511 U.S. 600 (1994), 92-1441, Staples v. United States

Docket Nº:No. 92-1441
Citation:511 U.S. 600, 114 S.Ct. 1793, 128 L.Ed.2d 608, 62 U.S.L.W. 4379
Party Name:STAPLES v. UNITED STATES
Case Date:May 23, 1994
Court:United States Supreme Court
 
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Page 600

511 U.S. 600 (1994)

114 S.Ct. 1793, 128 L.Ed.2d 608, 62 U.S.L.W. 4379

STAPLES

v.

UNITED STATES

No. 92-1441

United States Supreme Court

May 23, 1994

Argued November 30, 1993

CERTIORARI TO THE UNITED STATES COURT OF APPEALS FOR THE TENTH CIRCUIT

Syllabus

The National Firearms Act criminalizes possession of an unregistered "firearm," 26 U.S.C. § 5861(d), including a "machinegun," § 5845(a)(6), which is defined as a weapon that automatically fires more than one shot with a single pull of the trigger, § 5845(b). Petitioner Staples was charged with possessing an unregistered machinegun in violation of § 5861(d) after officers searching his home seized a semiautomatic rifle— i.e., a weapon that normally fires only one shot with each trigger pull— that had apparently been modified for fully automatic fire. At trial, Staples testified that the rifle had never fired automatically while he possessed it and that he had been ignorant of any automatic firing capability. He was convicted after the District Court rejected his proposed jury instruction under which, to establish a § 5861(d) violation, the Government would have been required to prove beyond a reasonable doubt that Staples knew that the gun would fire fully automatically. The Court of Appeals affirmed, concluding that the Government need not prove a defendant's knowledge of a weapon's physical properties to obtain a conviction under § 5861(d).

Held:

To obtain a § 5861(d) conviction, the Government should have been required to prove beyond a reasonable doubt that Staples knew that his rifle had the characteristics that brought it within the statutory definition of a machinegun. Pp. 604-619.

(a) The common-law rule requiring mens rea as an element of a crime informs interpretation of § 5861(d) in this case. Because some indication of congressional intent, express or implied, is required to dispense with mens rea, § 5861(d)'s silence on the element of knowledge required for a conviction does not suggest that Congress intended to dispense with a conventional mens rea requirement, which would require that the defendant know the facts making his conduct illegal. Pp. 604-606.

(b) The Court rejects the Government's argument that the Act fits within the Court's line of precedent concerning "public welfare" or "regulatory" offenses and thus that the presumption favoring mens rea does not apply in this case. In cases concerning public welfare offenses, the Court has inferred from silence a congressional intent to dispense with conventional mens rea requirements in statutes that regulate potentially harmful or injurious items. In such cases, the Court has reasoned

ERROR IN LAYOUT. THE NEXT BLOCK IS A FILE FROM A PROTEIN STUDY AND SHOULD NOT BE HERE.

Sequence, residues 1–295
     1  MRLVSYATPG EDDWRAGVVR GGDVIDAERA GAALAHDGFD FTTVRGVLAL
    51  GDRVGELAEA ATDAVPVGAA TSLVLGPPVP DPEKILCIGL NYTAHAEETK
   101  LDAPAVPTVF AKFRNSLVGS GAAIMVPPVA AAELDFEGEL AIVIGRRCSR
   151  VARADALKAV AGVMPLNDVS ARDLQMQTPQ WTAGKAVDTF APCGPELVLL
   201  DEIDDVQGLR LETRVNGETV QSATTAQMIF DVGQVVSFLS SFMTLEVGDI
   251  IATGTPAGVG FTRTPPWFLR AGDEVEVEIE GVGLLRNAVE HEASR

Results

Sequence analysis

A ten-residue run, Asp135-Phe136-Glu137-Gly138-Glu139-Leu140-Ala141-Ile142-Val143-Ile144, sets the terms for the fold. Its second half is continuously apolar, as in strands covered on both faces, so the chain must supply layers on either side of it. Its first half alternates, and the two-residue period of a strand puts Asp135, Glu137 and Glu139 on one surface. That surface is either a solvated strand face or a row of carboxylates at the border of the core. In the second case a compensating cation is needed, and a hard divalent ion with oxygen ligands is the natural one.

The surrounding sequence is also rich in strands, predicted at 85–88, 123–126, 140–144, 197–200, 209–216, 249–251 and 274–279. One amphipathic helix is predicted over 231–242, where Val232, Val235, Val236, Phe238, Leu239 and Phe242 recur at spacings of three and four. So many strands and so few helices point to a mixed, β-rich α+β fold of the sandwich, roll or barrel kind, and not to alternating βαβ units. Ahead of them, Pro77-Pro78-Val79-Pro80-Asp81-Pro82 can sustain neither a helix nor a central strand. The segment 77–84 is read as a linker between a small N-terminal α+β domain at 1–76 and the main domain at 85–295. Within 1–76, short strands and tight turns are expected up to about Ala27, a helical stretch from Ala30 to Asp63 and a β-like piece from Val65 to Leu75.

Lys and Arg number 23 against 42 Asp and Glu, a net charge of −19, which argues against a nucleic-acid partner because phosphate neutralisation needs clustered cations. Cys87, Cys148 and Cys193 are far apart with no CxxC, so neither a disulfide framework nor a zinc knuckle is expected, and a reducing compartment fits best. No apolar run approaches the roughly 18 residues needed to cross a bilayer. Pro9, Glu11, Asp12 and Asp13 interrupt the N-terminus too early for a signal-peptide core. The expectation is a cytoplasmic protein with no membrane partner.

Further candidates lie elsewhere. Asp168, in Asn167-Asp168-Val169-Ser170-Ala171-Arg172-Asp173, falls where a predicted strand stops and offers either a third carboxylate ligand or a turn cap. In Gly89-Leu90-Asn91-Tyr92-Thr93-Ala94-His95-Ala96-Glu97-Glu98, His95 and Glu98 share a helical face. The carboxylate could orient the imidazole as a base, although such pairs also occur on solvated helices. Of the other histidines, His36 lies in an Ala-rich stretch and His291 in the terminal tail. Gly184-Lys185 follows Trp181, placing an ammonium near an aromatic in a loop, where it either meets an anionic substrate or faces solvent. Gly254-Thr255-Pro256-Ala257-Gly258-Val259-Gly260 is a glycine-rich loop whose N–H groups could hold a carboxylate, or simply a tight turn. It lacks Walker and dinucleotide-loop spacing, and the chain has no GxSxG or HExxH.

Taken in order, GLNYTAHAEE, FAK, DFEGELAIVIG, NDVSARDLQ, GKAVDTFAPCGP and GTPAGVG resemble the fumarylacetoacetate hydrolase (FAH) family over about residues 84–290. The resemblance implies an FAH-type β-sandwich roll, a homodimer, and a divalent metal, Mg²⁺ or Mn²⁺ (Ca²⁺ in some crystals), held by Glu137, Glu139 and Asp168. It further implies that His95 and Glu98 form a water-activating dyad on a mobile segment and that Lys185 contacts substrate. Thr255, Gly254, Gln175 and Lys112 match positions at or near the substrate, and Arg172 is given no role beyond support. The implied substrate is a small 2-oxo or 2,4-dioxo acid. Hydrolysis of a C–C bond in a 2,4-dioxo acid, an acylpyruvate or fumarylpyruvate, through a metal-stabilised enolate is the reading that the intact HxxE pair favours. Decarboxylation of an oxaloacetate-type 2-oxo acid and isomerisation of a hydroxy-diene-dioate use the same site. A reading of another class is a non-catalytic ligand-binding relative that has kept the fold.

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that as long as a defendant knows that he is dealing with a dangerous device of a character that places him in responsible relation to a public danger, he should be alerted to the probability of strict regulation, and is placed on notice that he must determine at his peril whether his conduct comes within the statute's inhibition. See, e.g., United States v. Balint, 258 U.S. 250; United States v. Freed, 401 U.S. 601. Guns, however, do not fall within the category of dangerous devices as it has been developed in public welfare offense cases. In contrast to the selling of dangerous drugs at issue in Balint or the possession of hand grenades considered in Freed, private ownership of guns in this country has enjoyed a long tradition of being entirely lawful conduct. Thus, the destructive potential of guns in general cannot be said to put gun owners sufficiently on notice of the likelihood of regulation to justify interpreting § 5861(d) as dispensing with proof of knowledge of the characteristics that make a weapon a "firearm" under the statute. The Government's interpretation potentially would impose criminal sanctions on a class of persons whose mental state—ignorance of the characteristics of weapons in their possession—makes their actions entirely innocent. Had Congress intended to make outlaws of such citizens, it would have spoken more clearly to that effect. Pp. 606-616.

(c) The potentially harsh penalty attached to violation of § 5861(d)— up to 10 years' imprisonment—confirms the foregoing reading of the Act. Where, as here, dispensing with mens rea would require the defendant to have knowledge only of traditionally lawful conduct, a severe penalty is a further factor tending to suggest that Congress did not intend to eliminate a mens rea requirement. Pp. 616-619.

(d) The holding here is a narrow one that depends on a commonsense evaluation of the nature of the particular device Congress has subjected to regulation, the expectations that individuals may legitimately have in dealing with that device, and the penalty attached to a violation. It does not set forth comprehensive criteria for distinguishing between crimes that require a mental element and crimes that do not. Pp. 619-620.